Underwater Microscope Captures Never-Before-Seen View Of A Coral's Life

Posted: Jul 13 2016, 5:31am CDT | by , in News | Latest Science News


Underwater Microscope Captures Never-Before-Seen View of a Coral's Life
  • Watch Corals Kissing in First Microscopic Video

Researchers have taken close-up pictures of coral with a special new underwater microscope.

The experts have used a novel microscopic imaging system to reveal the micro-structure of the marine life forms in the depths of the ocean. It is basically an underwater microscope that can be handled by a diver.

It can be used to study life forms on the ocean floor to the level of millimeters on the size scale. Among the various things observed by the research team were: coral wars, coral polyps kissing and many other phenomena. 

There are so many acts of biology that take place on the ocean floor at the microscopic level. However, when the researchers removed these marine life forms from their context and studied them in the lab, it just couldn’t compare to studying them in their natural settings.

The novel underwater microscope comes in handy here since it could be used to study the marine life forms in their original context. Termed the Benthic Underwater Microscope (BUM), it consists of a double system.

An underwater computer with a diver screen is hooked up with a microscopic imaging device. The marine life forms may thus be observed at the micron levels if desired.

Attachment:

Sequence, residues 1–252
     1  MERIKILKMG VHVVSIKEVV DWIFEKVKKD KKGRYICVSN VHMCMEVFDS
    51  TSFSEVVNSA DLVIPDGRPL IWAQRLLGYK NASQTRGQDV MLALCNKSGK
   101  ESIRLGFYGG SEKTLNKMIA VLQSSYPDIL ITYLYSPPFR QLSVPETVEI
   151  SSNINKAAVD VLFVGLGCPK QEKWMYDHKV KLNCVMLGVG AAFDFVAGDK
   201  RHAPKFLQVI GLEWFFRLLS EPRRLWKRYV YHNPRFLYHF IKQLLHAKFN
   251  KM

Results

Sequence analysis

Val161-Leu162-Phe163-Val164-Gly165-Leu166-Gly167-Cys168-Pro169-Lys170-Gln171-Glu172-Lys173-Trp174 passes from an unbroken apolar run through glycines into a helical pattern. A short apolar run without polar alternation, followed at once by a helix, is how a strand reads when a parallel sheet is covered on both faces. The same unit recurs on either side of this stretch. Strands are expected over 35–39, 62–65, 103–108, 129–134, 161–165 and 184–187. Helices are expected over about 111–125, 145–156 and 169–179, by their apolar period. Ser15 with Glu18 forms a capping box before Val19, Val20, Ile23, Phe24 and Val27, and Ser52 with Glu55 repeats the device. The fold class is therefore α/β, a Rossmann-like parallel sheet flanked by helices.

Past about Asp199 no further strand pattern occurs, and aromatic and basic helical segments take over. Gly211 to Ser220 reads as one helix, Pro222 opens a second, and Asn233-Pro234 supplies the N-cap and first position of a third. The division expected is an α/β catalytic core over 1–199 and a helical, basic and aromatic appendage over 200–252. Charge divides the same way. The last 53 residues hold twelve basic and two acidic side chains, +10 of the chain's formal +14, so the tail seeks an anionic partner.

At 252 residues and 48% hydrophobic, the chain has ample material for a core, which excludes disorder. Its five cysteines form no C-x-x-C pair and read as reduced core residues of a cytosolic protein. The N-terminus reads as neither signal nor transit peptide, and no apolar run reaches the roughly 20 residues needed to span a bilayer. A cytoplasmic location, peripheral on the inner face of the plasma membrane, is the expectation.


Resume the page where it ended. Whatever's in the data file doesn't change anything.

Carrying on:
Among the other features of BUM are: lenses with high magnification, focused light emitting diodes, fluorescence imaging capacity and an agile lens that could be tuned.

This is the first instrument to catch small-scale images of the deep blue ocean. The level of microscopy extends to single cells in the marine environment.

The study was published in the July 12 issue of the journal Nature Communications.

To reach the right scale in order to capture the microscopic world was a necessity. Today that dream has become a reality thanks to BUM.  

The scientists used BUM to observe coral polyps off the coast of Israel and Hawaii. The corals were seen to release microscopic string-like filaments that gave off certain enzymes.

This was all the better to fight a battle with the surrounding corals over turf issues. However, when corals of the same species were placed side by side, such behavior was not evident. These coral seemed to recognize friends from enemies.

Also polyps kissing one another was observed in the corals. They seemed to literally embrace each other. Other daily activities of corals were noted down with a little help from BUM.

This was indeed a worthwhile venture into uncharted territory by mankind. The scientific endeavor will continue to bear fruit well into the future.

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<a href="/latest_stories/all/all/20" rel="author">Sumayah Aamir</a>
Sumayah Aamir (Google+) has deep experience in analyzing the latest trends.




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